Community, Five Minute Friday scribblings, God's Love

Neighbor: Crossing Borders

+Jeanne Takenaka @JeanneTakenaka

Our Five Minute Friday prompt this week is—NEIGHBOR. This largely unedited “rough draft” form of writing stretches this perfectionist, in the best of ways. We write for five minutes on a given word. If you’re interested in learning more about 5-Minute Fridays, check out the Five Minute Friday website. Or, click on the link at the bottom of this post. As you read my simpler Friday posts, I hope you’ll join in the conversation!

NEIGHBOR

One of the downsides of living in a big city is that everyone is occupied in their own lives. We’ve all heard about the neighborhoods where people drive into their garages and close the doors. Setting up borders around themselves and their families.

I miss the small town feel of neighbors standing out by the mailbox and chatting for awhile. Getting the paper for each other when one neighbor is out of town. Of borrowing a cup of sugar.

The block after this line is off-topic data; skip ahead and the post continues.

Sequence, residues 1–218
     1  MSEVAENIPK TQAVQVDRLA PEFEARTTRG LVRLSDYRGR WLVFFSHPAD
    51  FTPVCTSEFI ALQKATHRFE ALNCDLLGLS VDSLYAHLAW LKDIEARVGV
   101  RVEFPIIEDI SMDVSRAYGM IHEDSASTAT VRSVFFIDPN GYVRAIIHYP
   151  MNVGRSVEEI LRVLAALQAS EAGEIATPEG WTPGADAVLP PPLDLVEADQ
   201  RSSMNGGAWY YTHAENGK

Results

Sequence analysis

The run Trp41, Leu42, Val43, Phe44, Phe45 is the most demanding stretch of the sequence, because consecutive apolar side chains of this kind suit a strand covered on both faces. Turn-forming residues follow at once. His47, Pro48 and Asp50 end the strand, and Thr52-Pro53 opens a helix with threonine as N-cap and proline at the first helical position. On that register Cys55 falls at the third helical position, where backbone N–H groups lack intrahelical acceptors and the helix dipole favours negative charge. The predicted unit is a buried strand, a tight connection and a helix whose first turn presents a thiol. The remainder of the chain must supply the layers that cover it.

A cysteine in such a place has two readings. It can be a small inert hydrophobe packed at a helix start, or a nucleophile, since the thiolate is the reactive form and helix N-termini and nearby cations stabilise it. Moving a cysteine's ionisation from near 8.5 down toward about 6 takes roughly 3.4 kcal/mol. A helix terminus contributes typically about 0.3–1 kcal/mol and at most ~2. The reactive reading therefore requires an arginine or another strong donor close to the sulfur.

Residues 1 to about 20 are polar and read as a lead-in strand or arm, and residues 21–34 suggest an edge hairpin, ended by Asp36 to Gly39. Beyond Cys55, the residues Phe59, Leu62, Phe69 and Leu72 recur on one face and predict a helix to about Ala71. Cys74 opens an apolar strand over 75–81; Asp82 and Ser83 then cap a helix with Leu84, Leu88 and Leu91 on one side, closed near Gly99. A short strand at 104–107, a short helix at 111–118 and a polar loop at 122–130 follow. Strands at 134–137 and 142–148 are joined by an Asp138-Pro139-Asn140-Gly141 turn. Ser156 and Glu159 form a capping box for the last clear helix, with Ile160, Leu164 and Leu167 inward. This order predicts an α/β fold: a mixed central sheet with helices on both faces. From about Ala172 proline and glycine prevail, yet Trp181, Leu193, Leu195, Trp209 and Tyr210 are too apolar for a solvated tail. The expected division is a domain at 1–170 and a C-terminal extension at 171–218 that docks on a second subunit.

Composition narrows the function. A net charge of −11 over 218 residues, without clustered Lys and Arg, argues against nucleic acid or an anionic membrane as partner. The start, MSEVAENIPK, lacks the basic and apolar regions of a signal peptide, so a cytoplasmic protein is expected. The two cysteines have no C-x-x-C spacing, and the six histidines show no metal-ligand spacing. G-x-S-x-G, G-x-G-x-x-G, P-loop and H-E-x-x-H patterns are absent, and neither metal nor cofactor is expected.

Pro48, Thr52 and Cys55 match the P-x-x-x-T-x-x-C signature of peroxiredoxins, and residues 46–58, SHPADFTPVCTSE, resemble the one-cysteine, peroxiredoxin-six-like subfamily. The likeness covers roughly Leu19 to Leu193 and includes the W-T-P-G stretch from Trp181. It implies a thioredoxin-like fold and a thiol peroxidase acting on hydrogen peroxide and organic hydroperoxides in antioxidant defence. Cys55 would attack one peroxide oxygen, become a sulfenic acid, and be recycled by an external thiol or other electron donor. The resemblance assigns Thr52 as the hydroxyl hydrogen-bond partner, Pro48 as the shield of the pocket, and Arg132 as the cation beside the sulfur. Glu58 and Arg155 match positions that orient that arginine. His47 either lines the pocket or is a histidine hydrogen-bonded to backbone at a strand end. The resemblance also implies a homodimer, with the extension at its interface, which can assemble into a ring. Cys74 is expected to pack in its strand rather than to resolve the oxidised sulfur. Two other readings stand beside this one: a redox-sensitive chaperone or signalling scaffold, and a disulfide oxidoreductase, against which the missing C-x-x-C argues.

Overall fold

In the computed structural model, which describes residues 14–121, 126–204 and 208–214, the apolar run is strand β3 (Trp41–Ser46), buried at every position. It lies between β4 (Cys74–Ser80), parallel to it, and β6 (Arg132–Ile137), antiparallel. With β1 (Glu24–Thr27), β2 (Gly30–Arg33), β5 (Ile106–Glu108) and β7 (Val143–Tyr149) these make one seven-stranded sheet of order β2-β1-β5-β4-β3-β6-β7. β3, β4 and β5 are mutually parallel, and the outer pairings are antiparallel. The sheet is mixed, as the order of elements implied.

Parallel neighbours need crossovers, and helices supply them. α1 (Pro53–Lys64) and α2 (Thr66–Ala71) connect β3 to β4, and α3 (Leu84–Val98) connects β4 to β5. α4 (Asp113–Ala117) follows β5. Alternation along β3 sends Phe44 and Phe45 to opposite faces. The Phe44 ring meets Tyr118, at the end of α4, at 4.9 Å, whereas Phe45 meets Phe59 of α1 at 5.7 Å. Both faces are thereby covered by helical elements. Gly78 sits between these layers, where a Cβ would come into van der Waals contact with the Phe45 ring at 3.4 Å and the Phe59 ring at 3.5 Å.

When is the last time you asked your neighbor if you could borrow something because you were in a pinch for your evening meal?

Neighborhoods should be more than a place where a bunch of houses stand right next to each other.

Neighbors should be more than people who live adjacent to us.

Says the one who has—too many times—closed her garage door because she has too much to do to stop and talk.

What if we crossed each other’s borders every now and then?

What if we decided to be brave and talk with the person at the mailbox or the person out walking their dog?

What if we reached beyond our own border with kindness and with a desire to be Jesus-with-skin-on to those around us?

How many times have you been brave and reached out, and been surprised to find genuine connection with another?

It takes risking our comfort to love others as Jesus does. We must reach beyond ourselves and care for others more than for our own convenience.

Isn’t that what Jesus did? He got into peoples’ business and offered them hope.

The woman at the well received freedom the day Jesus reached out to his “neighbor.”

If we can set aside a few minutes in our schedule to at least open up the opportunity to say hello to a neighbor, I wonder what God could do? What He might reveal to those who people our lives and live close to our borders?

The only way we’ll know is to be brave and reach out.

What about you? What sort of neighborhood do you live in? What’s one way you have reached beyond your borders to those nearby?